Published by Harper
Summary: Best friends Olivia and Piper are disappointed to discover they have only one sixth grade class together. To keep each other updated, and to avoid the detection of passing notes, they create a notebook in which they write to each other, then hand it off between classes. They’re perfectly happy with their friendship until Piper’s mother offers to give her a birthday party (a rare event for the third of five children), and she realizes she needs to make some more friends. The two girls start sampling the after-school clubs. Some are a lot more fun than expected, some a total disaster. Each girl finds her niche, and there is some friction when they turn out to be different niches. Drama threatens on the day of the big party, but all is resolved, and true friendship wins the day. 288 pages; ages 8-12.
Pros: A sweet story of friendship, told in an enjoyable style, mostly through the notebook letters, but also with some texts, flyers, and other memorabilia.
Cons: Not a lot of action, and the girls’ voices at times sound like middle-aged women trying to write like 11-year-olds.
Published by Atheneum Books for Young Readers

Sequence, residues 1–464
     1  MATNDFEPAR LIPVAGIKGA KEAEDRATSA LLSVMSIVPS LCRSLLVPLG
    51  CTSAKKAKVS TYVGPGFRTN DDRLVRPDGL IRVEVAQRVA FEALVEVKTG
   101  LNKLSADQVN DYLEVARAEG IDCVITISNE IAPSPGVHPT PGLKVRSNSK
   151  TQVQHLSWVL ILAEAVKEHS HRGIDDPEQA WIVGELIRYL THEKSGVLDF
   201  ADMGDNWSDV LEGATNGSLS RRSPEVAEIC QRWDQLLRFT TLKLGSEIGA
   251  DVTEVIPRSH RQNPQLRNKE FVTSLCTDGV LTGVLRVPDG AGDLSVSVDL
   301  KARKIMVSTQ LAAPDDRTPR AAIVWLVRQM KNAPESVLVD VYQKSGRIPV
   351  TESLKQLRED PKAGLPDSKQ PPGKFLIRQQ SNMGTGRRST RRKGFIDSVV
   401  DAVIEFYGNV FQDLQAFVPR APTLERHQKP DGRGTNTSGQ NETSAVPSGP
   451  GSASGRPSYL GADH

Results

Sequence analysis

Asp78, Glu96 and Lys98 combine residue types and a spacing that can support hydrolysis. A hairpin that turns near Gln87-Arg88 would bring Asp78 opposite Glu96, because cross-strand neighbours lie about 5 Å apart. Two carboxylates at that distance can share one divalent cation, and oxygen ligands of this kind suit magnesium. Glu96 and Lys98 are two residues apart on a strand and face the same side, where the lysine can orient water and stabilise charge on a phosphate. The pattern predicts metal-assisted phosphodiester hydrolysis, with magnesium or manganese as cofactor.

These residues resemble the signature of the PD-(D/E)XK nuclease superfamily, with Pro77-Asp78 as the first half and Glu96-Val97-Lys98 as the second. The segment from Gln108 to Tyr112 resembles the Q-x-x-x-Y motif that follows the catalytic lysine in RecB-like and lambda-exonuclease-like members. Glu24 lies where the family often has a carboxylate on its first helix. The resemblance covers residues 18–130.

Summary: Gus and Ida are polar bears who live in a park in the middle of a huge city. Every day the play, swim, and eat together. Ida can’t see, but she tells Gus that she doesn’t have to see the city to feel it. At night, each bear goes to his or her own cave to sleep. Every day is the same until one morning when Ida doesn’t come out of her cave. Sonya the zookeeper tells Gus that Ida is sick and she isn’t going to get better. Gus and Ida still have some time together. Some days Ida can play, but other days she has to rest. Each night before sleeping, the two bears tell each other they will miss the other one. Finally, one morning, with Gus at her side, Ida passes away. Gus continues to enjoy each day, but never forgets his good friend. A brief author’s note tells of the real Ida and Gus who lived in New York City’s Central Park Zoo. 40 pages; ages 4-8.
Pros: A beautiful story of love and loss, exploring terminal illness and death in a way that will be accessible to preschoolers and early elementary age readers.
Cons: Good luck reading this one out loud. Keep the Kleenexes handy.
Published by Balzer + Bray